> re-rendered doesn't  seem prudent, so we (mainly Jeroen) came up with a
> push-based architecture.
>
> The proposal is at
> <http://meta.wikimedia.org/wiki/Wikidata/Notes/Caching_investigation#Proposal:_HTTP_push_to_local_db_storage>,
> I have copied it below too.
>
> Please have a lot and let us know if you think this is viable, and which of the
> two variants you deem better!
>
> Thanks,
> -- daniel
>
> PS: Please keep the discussion on  wikitech-l, so we have it all in one place.
>
> ~~~~~~~~~~~~~~~~~~~~~~~~~~~~~~~~~~~~~~~~~~~~~~~~~~~~~~~~~~~~~~~~~~~~~~~~~~~~~~~~
>
> == Proposal: HTTP push to local db storage ==
>
> * Every time an item on Wikidata is changed, an HTTP push is issued to all
> subscribing clients (wikis)
> ** initially, "subscriptions" are just entries in an array in the configuration.
> ** Pushes can be done via the job queue.
> ** pushing is done via the mediawiki API, but other protocols such as PubSub
> Hubbub / AtomPub can easily be added to support 3rd parties.
> ** pushes need to be authenticated, so we don't get malicious crap. Pushes
> should be done using a special user with a special user right.
> ** the push may contain either the full set of information for the item, or just
> a delta (diff) + hash for integrity check (in case an update was missed).
>
> * When the client receives a push, it does two things:
> *# write the fresh data into a local database table (the local wikidata cache)
> *# invalidate the (parser) cache for all pages that use the respective item (for
> now we can assume that we know this from the language links)
> *#* if we only update language links, the page doesn't even need to be
> re-parsed: we just update the languagelinks in the cached ParserOutput object.
>
> * when a page is rendered, interlanguage links and other info is taken from the
> local wikidata cache. No queries are made to wikidata during parsing/rendering.
>
> * In case an update is missed, we need a mechanism to allow requesting a full
> purge and re-fetch of all data from on the client side and not just wait until
> the next push which might very well take a very long time to happen.
> ** There needs to be a manual option for when someone detects this. maybe
> action=purge can be made to do this. Simple cache-invalidation however shouldn't
> pull info from wikidata.
> **A time-to-live could be added to the local copy of the data so that it's
> updated by doing a pull periodically so the data does not stay stale
> indefinitely after a failed push.
>
> === Variation: shared database tables ===
>
> Instead of having a local wikidata cache on each wiki (which may grow big - a
> first guesstimate of Jeroen and Reedy is up to 1TB total, for all wikis), all
> client wikis could  access the same central database table(s) managed by the
> wikidata wiki.
>
> * this is similar to the way the globalusage extension tracks the usage of
> commons images
> * whenever a page is re-rendered, the local wiki would query the table in the
> wikidata db. This means a cross-cluster db query whenever a page is rendered,
> instead a local query.
> * the HTTP push mechanism described above would still be needed to purge the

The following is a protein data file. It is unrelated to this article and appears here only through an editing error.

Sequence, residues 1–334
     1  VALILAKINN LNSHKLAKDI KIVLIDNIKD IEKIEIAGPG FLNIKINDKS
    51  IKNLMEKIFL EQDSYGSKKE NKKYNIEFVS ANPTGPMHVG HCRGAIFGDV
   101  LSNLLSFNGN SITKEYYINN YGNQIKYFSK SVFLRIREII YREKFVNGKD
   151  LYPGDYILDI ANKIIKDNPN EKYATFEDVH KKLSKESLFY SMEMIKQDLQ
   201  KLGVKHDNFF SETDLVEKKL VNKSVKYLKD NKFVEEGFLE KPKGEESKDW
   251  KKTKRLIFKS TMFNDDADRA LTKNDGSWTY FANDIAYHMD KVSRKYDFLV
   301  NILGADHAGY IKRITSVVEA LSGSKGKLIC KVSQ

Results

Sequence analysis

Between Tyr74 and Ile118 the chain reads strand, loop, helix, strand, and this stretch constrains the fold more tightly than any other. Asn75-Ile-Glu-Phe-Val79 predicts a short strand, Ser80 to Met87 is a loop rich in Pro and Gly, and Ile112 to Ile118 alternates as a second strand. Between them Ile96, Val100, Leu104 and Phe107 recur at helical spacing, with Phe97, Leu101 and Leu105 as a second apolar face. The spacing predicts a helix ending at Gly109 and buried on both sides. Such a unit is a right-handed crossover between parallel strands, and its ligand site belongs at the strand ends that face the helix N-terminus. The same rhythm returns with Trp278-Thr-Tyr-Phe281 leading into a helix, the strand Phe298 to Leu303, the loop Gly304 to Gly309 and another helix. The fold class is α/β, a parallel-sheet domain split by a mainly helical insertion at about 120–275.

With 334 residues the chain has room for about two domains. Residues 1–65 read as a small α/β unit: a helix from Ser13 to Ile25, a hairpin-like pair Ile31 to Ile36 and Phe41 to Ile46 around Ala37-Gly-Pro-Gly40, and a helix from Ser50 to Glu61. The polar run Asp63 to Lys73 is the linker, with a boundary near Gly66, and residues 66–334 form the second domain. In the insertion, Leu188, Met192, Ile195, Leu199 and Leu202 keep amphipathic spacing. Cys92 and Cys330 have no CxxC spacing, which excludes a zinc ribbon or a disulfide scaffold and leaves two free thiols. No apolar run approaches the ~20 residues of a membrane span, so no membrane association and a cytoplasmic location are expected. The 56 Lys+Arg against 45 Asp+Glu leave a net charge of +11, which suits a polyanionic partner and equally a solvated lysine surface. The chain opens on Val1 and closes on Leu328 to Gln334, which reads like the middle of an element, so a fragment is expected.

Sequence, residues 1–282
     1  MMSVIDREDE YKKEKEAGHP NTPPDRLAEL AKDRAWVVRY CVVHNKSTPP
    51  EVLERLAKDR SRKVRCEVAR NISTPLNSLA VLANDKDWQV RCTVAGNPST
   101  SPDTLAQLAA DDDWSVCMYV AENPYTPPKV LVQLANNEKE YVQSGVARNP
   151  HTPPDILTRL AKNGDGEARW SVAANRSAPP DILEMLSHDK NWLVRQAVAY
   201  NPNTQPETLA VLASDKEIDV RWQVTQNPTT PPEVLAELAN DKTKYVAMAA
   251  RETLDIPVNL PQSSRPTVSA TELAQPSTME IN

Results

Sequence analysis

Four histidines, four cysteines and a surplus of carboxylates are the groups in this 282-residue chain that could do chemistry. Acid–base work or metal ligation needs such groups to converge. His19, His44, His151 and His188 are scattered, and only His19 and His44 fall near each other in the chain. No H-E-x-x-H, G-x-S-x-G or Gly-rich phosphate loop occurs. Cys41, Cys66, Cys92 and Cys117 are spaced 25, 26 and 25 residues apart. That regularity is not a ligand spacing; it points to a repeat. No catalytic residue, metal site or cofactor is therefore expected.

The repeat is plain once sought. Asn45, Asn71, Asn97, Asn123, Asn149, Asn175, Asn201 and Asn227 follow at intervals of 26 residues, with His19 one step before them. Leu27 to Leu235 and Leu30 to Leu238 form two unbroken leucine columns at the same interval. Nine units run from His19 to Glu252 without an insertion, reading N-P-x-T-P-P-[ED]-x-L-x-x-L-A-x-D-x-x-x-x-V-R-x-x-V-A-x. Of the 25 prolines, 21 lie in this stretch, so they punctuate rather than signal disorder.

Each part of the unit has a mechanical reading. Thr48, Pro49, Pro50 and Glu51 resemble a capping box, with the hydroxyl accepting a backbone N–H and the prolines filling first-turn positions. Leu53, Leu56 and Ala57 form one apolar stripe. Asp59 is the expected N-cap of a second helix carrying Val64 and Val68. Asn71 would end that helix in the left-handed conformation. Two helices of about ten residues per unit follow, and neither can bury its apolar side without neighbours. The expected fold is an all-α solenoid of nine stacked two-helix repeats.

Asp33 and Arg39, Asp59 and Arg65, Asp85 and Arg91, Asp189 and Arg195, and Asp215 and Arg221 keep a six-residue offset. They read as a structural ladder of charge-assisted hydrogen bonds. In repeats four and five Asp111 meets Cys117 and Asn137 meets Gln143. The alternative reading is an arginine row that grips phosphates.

> parser cache when needed. But the push requests would not need to contain the
> updated data, they may just be requests to purge the cache.
> * the ability for full HTTP pushes (using the mediawiki API or some other
> interface) would still be desirable for 3rd party integration.
>
> * This approach greatly lowers the amount of space used in the database
> * it doesn't change the number of http requests made
> ** it does however reduce the amount of data transferred via http (but not by
> much, at least not compared to pushing diffs)
> * it doesn't change the number of database requests, but it introduces
> cross-cluster requests
>
>
>
> _______________________________________________
> Wikitech-l mailing list
> Wikitech-l@lists.wikimedia.org
> https://lists.wikimedia.org/mailman/listinfo/wikitech-l

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Re: Request for Comments: Cross site data access for Wikidata [ In reply to ]
Am 23/04/12 19:34, Daniel Kinzler schrieb:
> You think making a db query to check if the data is up to date, every time the
> page is *viewed*, is feasible? I would have though this prohibitively
> expensive... it would be nice and simple, of course.
>
> The approach of marking the rendered page data as stale (using page_touched)
> whenever the data changes seems much more efficient. Though it does introduce
> some additional complexity.

Viewed by a logged in user, ie. the same case when we check page_touched.
Also note we are checking against a local cache. The way it's updated is
unspecified :)


> Also, checking on every page view is out of the questions for external sites,
> right? So we'd still need a push interface for these...

I think they'd use a cache with a configured ttl. So they wouldn't
actually be fetching it on each view, only every X hours.


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Re: Request for Comments: Cross site data access for Wikidata [ In reply to ]
Hoi,
One of the KEY reasons to have Wikidata is that is DOES update when there
is a change in the data. For instance, how many Wikipedias have an article
on my home town of Almere and have it said that Mrs Jorritsma is the mayor
... She will not be mayor forever ... There are many villages, towns and
cities like Almere.

I do positively not like the idea of all the wasted effort when a pushy
Wikidata can be and should be the solution.
Thanks,
Gerard

On 23 April 2012 16:09, Petr Bena <benapetr@gmail.com> wrote:

> I mean, in simple words:
>
> Your idea: when the data on wikidata is changed the new content is